West African Popular Music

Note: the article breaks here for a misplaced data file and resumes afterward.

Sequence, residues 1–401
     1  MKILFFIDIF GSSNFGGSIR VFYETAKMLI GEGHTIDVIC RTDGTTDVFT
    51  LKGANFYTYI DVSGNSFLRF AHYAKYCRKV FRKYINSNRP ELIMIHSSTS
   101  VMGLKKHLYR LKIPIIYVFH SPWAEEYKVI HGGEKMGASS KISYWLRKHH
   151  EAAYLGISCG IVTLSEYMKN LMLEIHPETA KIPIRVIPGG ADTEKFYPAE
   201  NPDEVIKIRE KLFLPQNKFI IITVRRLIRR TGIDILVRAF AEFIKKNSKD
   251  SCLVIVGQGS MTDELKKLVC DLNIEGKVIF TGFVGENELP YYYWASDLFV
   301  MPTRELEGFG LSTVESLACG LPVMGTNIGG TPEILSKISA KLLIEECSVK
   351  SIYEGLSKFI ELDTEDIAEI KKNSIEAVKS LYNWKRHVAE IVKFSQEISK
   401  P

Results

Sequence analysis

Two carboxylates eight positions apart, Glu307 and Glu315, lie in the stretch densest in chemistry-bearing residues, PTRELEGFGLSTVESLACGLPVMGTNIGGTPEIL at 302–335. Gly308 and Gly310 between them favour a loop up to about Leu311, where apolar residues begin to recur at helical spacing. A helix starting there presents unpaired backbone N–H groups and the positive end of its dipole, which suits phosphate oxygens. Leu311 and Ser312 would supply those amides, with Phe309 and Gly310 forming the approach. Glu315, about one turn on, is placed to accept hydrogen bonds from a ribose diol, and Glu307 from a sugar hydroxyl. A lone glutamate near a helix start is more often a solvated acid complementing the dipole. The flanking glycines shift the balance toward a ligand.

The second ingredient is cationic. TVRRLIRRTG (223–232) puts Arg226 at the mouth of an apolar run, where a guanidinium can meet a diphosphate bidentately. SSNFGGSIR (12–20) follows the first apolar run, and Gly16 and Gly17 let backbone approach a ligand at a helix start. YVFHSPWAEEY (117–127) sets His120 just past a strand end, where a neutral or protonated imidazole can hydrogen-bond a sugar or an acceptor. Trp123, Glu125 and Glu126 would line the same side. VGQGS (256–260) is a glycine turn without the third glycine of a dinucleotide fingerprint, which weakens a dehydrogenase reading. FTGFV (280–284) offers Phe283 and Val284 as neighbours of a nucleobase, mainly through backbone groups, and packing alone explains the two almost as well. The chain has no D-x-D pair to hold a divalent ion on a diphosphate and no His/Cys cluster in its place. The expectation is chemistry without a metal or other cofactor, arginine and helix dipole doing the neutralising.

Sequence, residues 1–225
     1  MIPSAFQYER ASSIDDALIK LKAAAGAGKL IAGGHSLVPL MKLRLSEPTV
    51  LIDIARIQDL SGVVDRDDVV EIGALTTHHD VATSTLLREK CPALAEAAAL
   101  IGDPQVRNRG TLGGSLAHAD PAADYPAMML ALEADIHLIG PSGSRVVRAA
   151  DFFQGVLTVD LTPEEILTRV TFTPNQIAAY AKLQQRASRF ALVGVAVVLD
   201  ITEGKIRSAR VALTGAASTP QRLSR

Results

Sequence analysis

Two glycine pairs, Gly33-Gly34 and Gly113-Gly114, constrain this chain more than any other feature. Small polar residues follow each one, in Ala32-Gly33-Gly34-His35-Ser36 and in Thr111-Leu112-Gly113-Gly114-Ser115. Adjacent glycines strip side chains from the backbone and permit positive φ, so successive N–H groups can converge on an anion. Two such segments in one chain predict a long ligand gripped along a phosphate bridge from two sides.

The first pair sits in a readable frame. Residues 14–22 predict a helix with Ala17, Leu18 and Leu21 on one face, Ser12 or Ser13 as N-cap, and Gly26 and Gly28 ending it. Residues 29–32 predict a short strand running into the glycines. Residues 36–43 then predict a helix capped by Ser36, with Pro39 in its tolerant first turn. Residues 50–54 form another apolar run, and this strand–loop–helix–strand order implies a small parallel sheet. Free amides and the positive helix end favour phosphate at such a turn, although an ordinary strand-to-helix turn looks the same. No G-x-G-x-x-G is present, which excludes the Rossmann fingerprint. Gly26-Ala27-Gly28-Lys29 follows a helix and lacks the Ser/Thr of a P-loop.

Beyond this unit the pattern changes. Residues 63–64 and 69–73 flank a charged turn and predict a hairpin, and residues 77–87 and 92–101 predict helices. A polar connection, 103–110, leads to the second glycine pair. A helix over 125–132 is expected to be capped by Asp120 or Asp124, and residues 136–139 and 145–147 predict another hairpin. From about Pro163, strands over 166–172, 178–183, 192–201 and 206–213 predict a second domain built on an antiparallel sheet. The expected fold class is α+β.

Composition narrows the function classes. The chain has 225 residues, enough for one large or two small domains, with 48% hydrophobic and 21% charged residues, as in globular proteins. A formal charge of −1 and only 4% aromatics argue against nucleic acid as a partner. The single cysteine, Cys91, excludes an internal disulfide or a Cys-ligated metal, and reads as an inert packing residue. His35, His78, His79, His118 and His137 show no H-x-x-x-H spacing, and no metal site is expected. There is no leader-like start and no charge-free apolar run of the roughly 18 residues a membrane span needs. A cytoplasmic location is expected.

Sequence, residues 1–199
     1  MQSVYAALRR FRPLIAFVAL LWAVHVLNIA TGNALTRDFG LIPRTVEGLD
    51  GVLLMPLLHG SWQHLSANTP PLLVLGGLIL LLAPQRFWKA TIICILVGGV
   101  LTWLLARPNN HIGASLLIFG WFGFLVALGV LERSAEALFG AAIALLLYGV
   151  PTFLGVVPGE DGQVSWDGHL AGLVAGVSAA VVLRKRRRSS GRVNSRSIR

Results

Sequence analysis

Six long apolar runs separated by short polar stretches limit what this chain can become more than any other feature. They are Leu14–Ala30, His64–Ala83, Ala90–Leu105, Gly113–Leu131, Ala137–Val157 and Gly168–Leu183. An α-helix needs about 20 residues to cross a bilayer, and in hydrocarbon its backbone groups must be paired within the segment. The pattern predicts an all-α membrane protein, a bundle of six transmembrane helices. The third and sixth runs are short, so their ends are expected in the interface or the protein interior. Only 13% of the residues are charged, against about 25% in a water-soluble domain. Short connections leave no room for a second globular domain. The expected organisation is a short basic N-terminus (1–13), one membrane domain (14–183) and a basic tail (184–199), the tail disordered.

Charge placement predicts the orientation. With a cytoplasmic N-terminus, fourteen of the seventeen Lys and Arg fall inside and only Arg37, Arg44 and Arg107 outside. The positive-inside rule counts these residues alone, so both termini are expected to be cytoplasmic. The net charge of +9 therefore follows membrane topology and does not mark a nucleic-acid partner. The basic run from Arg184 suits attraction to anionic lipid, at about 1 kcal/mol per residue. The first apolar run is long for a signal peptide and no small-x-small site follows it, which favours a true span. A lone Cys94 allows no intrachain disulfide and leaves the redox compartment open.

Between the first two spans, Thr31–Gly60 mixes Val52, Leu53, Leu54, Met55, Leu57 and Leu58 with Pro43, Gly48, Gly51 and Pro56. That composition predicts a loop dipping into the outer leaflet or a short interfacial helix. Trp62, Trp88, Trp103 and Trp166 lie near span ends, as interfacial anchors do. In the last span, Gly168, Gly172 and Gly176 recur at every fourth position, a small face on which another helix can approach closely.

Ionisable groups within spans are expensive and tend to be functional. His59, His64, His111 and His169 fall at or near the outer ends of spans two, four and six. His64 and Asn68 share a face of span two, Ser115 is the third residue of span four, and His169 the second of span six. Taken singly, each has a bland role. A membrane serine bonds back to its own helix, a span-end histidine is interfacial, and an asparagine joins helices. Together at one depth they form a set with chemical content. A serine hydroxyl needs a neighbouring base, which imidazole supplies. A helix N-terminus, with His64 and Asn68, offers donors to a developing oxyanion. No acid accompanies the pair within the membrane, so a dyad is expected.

This textbook for African and other college students consists of four sections that deal firstly with the emergence of West African popular music from the 19th century and then its 20th century development in Anglophone and Francophone West Africa. So, it covers styles as diverse as maringa, ashiko, highlife, konkoma, juju-music, apala, fuji, Afro-Manding music, apollos, wassoulou, mbalax, ndagga, Sahelian desert blues, soklokpeu, ziglibithy, zouglou, coupe décale, makossa and bikutsi – to name a few. The final fourth section is on trends inspired since the 1960s by pop and soul music – and so includes Afrorock, Afrofunk, Afrobeat and other West African popular music forms that draw on disco, reggae, hiphop, rap, R&B and techno-music. The growth of a West African music industry is also discussed, as is the rise of local gospel dance-music since the 1970s, and ‘World Music’ since the1980s. The book examines West African popular music in its historical and social context and as such covers its relationship with traditional African resources, as well as the impact on it of the music and entertainment of the Black Americas. It also deals with the role of popular performance (both music and drama) in the independence struggle, in fashioning national and Pan-African identities and as a medium of social protest and political commentary. Other areas touched upon is the relation of West African popular music to urbanization, generational identity, changing gender roles and globalisation.